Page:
The flip side of this is that, from the street, uncurtained sunrooms appear stagelit, their contents on display to all passers-by. For this reason, apartment dwellers seem to avoid their sunrooms. Despite this, the sunrooms provide the pedestrian with a sense of connection to the inhabitant within. The contents of a sunroom—a worn-out green sofa, a stack of books, a model ship—testify unavoidably to the life of its occupants. Through the sunroom, the pedestrian and the apartment dweller acquire a strange acquaintance in which neither sees the other, and yet each is aware of the other’s presence.
The addition of the sunroom made the apartment building interesting. Even more, the sunroom gave the apartment building the confident sense of place that, until then, had been enjoyed only by the single-family frame house.
I’ve always found the modern townhomes lining East 55th Street unpleasant. Their (mostly) windowless faces seem unfriendly and the unrelenting beige flatness of the facades depresses me. Passing them on the sidewalk, I wonder to myself: Why are these buildings so bad?
As it turns out, there are developments of modern townhomes all over Hyde Park—and they’re not all bad. Like the six-flat walk-ups built several decades before, these developments were conceived of as antidotes to the urgent problems that Hyde Park faced at mid-century. And like the walk-up apartments, the modern townhomes are artifacts of their time. Some of the solutions they introduced work beautifully today, while others appear alien and unsuitable.
Hyde Park was transformed through the intervention of community improvement organizations backed by the University and by federal and state initiatives. These groups used authority granted by newly expansive urban renewal laws to seize and demolish entire city blocks. Once the land was cleared, architects were brought in to realize in brick and concrete the planners’ vision for a new Hyde Park.
The businessmen who put up Hyde Park’s walk-up apartments in the 1910s through the ’30s had accepted urbanization as inevitable. With the walk-up apartments they built and financed, they sought to accommodate the need for higher-density housing while providing apartment dwellers with privacy and a sense of individuality. The urban renewal authorities, by contrast, resisted the pull of urbanization. These authorities, led by the newly created South East Chicago Commission (SECC), sought to remake Hyde Park into a smaller, more tightly knit community attractive to young families with children. The architects hired to design the modern townhomes were tasked with interpreting and realizing this ideal.
The earlier six-flat apartment buildings had been criticized for their lack of neighborly feeling. Almost all of the modern townhome developments, like I.M. Pei’s townhouses and like The Commons, New Gardens, and Coop Square/Rochdale Place, sought to build a sense of community with courtyards and other common spaces.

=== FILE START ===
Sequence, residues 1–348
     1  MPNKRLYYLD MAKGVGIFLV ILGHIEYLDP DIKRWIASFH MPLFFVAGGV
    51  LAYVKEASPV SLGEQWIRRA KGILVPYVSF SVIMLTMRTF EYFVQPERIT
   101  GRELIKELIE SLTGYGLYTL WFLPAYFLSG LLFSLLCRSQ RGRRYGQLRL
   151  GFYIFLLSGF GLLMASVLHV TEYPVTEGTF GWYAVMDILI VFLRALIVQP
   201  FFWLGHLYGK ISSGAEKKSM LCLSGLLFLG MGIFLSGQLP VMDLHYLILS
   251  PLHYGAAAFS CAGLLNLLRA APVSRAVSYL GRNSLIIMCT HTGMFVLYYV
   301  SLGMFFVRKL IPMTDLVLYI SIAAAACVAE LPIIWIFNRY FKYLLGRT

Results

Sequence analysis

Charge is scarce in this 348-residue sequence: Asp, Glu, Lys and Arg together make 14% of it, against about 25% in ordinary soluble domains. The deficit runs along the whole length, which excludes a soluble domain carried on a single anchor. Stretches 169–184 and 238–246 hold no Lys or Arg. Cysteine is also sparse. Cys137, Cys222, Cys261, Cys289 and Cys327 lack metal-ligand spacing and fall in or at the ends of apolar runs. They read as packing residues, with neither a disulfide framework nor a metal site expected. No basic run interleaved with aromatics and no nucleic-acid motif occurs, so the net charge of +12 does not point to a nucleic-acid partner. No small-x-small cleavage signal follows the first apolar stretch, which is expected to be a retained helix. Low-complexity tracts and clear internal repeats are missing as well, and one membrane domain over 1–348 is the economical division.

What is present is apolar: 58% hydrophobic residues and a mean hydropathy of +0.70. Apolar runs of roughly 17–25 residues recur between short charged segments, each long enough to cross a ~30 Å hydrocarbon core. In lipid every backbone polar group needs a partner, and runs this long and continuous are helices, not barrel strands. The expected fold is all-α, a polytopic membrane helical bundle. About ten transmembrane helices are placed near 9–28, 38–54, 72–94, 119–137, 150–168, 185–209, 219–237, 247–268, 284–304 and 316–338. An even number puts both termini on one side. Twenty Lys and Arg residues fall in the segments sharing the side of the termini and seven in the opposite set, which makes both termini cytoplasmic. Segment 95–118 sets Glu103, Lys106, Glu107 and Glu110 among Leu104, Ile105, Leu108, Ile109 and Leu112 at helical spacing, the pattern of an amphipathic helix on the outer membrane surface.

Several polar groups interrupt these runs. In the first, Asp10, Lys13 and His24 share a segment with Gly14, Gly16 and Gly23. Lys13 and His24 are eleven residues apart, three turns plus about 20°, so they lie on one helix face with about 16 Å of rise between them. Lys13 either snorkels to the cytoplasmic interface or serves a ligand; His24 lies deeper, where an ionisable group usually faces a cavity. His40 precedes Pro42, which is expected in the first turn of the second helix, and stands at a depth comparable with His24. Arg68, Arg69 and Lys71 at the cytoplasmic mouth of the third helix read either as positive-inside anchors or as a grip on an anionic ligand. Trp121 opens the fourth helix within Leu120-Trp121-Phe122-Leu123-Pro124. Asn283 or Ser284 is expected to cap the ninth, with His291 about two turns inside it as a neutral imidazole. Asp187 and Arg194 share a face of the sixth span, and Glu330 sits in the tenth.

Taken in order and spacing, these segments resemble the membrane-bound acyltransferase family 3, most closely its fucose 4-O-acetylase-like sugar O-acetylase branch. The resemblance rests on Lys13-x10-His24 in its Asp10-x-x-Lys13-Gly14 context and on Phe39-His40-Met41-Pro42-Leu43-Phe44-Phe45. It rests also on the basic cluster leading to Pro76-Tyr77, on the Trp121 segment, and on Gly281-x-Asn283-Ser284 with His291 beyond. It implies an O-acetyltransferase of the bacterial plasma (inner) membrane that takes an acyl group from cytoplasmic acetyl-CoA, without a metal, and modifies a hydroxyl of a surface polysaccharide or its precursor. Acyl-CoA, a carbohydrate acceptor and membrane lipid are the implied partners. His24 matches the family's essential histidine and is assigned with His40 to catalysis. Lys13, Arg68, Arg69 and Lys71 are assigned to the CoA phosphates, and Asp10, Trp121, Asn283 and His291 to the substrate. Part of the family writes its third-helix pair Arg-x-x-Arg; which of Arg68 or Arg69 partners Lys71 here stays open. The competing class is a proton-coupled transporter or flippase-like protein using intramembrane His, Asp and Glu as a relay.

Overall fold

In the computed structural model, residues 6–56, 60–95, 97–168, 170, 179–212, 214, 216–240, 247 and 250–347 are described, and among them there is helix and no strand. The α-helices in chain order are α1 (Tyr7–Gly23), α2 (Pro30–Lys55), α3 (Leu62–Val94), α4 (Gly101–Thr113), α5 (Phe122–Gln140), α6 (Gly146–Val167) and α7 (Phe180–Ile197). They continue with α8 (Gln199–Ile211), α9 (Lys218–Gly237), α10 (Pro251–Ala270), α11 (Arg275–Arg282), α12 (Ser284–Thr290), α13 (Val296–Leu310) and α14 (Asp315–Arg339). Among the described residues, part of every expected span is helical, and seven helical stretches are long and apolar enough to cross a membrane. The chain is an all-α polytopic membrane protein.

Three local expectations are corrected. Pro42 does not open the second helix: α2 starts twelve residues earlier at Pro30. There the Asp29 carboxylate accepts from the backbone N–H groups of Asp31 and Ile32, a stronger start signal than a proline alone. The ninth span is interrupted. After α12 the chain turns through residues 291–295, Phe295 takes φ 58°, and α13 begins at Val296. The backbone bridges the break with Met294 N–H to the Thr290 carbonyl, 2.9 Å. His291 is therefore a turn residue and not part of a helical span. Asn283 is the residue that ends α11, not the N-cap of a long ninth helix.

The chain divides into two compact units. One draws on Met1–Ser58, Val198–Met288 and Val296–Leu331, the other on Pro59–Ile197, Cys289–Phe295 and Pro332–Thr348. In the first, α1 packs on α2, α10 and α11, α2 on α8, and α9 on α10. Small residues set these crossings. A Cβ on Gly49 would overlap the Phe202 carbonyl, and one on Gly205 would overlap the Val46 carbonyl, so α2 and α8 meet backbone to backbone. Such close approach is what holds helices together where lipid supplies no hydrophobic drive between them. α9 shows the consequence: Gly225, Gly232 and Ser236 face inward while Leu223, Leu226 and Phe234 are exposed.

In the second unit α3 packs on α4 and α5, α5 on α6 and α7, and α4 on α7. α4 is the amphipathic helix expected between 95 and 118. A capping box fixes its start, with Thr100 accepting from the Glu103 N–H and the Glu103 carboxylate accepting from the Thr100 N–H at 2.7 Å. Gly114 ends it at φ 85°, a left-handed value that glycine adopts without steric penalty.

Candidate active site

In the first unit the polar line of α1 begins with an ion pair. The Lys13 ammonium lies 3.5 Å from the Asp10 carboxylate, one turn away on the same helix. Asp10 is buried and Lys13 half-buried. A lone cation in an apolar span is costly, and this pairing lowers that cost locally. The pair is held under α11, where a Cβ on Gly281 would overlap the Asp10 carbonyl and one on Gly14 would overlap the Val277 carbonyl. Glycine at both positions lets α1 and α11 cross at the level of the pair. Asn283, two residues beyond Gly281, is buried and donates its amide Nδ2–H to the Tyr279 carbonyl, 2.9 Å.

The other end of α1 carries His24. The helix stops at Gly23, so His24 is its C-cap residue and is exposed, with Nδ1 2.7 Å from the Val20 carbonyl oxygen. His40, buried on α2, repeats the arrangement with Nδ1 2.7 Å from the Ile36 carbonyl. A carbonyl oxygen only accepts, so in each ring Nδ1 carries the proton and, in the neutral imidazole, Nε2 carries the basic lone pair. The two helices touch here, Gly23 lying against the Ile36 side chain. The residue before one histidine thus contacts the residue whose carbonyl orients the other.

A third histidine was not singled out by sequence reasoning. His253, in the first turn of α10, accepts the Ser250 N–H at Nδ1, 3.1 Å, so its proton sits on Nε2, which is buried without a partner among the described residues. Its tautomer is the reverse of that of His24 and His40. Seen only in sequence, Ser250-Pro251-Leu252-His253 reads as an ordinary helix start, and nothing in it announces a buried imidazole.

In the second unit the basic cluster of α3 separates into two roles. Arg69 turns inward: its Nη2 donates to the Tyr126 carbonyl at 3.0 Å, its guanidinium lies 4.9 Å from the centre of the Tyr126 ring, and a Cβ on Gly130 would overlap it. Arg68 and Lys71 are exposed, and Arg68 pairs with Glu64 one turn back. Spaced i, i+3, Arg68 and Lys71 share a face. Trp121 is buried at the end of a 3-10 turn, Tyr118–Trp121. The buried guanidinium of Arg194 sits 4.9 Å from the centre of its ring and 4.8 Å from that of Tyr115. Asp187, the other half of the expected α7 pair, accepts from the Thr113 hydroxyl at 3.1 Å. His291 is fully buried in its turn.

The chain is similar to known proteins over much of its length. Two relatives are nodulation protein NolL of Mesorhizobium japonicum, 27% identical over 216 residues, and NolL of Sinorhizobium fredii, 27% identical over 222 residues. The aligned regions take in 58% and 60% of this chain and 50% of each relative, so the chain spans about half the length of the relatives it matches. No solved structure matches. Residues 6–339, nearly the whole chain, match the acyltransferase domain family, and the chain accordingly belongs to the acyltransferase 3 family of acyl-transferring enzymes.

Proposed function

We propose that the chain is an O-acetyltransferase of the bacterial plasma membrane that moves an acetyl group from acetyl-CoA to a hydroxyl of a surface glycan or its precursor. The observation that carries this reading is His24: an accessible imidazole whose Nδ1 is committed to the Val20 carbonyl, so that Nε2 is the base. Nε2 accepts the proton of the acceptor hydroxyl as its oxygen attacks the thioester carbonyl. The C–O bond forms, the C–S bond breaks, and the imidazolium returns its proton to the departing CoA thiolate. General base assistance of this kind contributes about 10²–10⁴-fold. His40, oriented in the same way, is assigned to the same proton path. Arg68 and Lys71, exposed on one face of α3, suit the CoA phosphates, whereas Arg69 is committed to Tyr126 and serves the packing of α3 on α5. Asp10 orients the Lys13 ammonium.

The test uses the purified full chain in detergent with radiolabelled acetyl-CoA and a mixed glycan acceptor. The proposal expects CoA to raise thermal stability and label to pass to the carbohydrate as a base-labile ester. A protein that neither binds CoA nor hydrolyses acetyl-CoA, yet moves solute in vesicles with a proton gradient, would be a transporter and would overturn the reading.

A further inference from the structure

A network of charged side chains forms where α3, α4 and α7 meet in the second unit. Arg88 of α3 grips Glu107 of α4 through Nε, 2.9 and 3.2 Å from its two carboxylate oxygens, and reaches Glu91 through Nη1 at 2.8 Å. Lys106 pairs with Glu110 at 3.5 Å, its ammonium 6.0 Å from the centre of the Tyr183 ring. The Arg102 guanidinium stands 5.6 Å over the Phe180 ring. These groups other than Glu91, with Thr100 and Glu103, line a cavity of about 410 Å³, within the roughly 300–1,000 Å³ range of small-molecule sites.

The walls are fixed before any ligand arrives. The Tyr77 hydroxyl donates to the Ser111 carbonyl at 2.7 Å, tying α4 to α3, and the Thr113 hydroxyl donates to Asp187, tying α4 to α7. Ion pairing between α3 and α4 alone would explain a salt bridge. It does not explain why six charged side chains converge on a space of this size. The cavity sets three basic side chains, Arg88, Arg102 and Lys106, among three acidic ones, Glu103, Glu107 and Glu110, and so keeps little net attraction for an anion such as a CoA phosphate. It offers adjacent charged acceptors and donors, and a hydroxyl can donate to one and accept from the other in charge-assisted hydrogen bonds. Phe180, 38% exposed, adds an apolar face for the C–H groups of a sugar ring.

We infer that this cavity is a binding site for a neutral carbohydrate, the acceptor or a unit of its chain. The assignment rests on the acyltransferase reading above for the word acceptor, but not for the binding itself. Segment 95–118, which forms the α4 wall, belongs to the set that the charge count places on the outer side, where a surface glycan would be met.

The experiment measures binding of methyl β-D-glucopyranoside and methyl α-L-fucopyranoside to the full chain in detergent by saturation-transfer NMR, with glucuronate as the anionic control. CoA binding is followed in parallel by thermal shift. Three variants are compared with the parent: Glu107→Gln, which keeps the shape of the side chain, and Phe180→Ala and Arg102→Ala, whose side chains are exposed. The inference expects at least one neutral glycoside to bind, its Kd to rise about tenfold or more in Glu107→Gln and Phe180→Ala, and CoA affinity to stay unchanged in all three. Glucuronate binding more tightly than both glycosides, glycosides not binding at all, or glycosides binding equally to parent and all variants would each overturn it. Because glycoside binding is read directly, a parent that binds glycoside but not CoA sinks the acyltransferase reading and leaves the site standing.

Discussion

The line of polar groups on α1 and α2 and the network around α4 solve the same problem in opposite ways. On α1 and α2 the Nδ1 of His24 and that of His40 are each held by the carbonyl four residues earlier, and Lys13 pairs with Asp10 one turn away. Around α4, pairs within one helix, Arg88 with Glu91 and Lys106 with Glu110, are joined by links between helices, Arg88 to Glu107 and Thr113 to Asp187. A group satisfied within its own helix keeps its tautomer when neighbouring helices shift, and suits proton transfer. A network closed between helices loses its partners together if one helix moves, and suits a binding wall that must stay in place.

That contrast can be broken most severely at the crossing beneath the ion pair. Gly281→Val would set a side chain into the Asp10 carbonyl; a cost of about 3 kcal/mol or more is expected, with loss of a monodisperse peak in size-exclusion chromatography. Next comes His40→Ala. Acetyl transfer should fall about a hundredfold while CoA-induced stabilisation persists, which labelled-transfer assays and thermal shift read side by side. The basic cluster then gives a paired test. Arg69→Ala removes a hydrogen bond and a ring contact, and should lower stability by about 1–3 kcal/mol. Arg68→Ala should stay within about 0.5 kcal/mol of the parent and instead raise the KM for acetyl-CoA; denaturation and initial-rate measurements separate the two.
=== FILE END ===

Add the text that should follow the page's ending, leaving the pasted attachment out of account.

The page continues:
Coop Square/Rochdale Place, a modern townhome development on the northern side of East 55th Street between South Dorchester and Blackstone Avenues, is a prime example of what the SECC sought to achieve. At Coop Square, Chicago architect Harry Weese gathered the units around an enclosed central courtyard with a sandbox and a tiny basketball court. Accessible only to the residents, the courtyard is a safe place for children to play and adults to relax. In front, there is a tiny strip of yard between the sidewalk and the front of the unit, where large windows allow residents to keep an eye on the street. This development is a safe haven for residents, but from the sidewalk, the locked gates and cast-iron fences pushed up to the curb are hostile and unwelcoming.
The Commons and New Gardens, two developments built after Coop Square/Rochdale Place in the mid-1960s, present a friendlier aspect to the street—perhaps because Hyde Park was by that time becoming a less threatening place. Both feature semi-public shared spaces. At New Gardens, south of East 55th Street between South Kimbark and Kenwood Avenues, units face onto two quiet, sunny courtyards. The courtyards spill down to the street over a wide, shallow flight of stairs. This small height difference gently marks New Gardens as a distinct community, without the tall fences and locked gates of Coop Square. The landscaped courtyard at The Commons, just north of Kimbark Plaza, is separated from the sidewalk by a modest brick wall and cast-iron gate. Both developments are clad in rough red brick, rather than the precast concrete and tan brick of Coop Square, and the textural richness of the brick and variation of the facade are a relief from the spare aesthetic that dominates East 55th Street.
Even I.M. Pei’s yellow-brick townhouses along East 55th Street that I so disliked were, I learned, responding in their own way to the circumstances of the time. So bleak and unfriendly from the sidewalk, these townhomes have generous back windows opening onto small private gardens. Many of the townhomes that Pei designed also share a semi-public central courtyard that, I can easily imagine, quickly becomes littered with bicycles, balls, and kids’ toys in warmer months. Inside, residents praise the, “efficient, warm, thoughtful use of space,” light, and “beautiful wood.”
Ironically, the shared spaces of the townhome developments often created community through conflict. Disputes between residents with children and those without were common: One resident of The Commons recalled the noise that local children used to make in the shared courtyard. She said, “Those kids would come out at seven o’clock in the morning. I said, ‘Oh my god, we got to do something about that.’”
“It was maddening!” said another resident. “[We] had meetings and explained the rules to the children. There was no bike riding and no ball throwing and no skating. They knew what the rules were, but you know…children are children.”
As an urban form, these courtyards reflected the collective unity of their residents in the face of the still-dangerous urban landscape. In the same way, the extreme flatness of the facades of Pei’s and Weese’s townhomes is harsh, but at mid-century it served as a statement of solidarity. The uniformity of these facades declared that the residents stood together as a bulwark against the physical deterioration of Hyde Park. If, today, walking along East 55th Street, the yellow-brick townhouses seem like fortresses, it’s because they once were.
This article originally appeared in print in Grey City, the Chicago Maroon’s quarterly magazine (pdf). This article provided the source material for Jane’s Walks in 2014 and 2015, focused on Hyde Park’s modern townhomes.
Thanks to Diane Herrmann for speaking to me and showing me around her home, an I.M. Pei E-model townhome, and to Jewel Davis, who lives in a Hyde Park six-flat apartment, for speaking to me about her experience of the six-flat sunroom apartments.
All photographs not otherwise attributed were commissioned for this article and captured by the skilled Matt Frankel.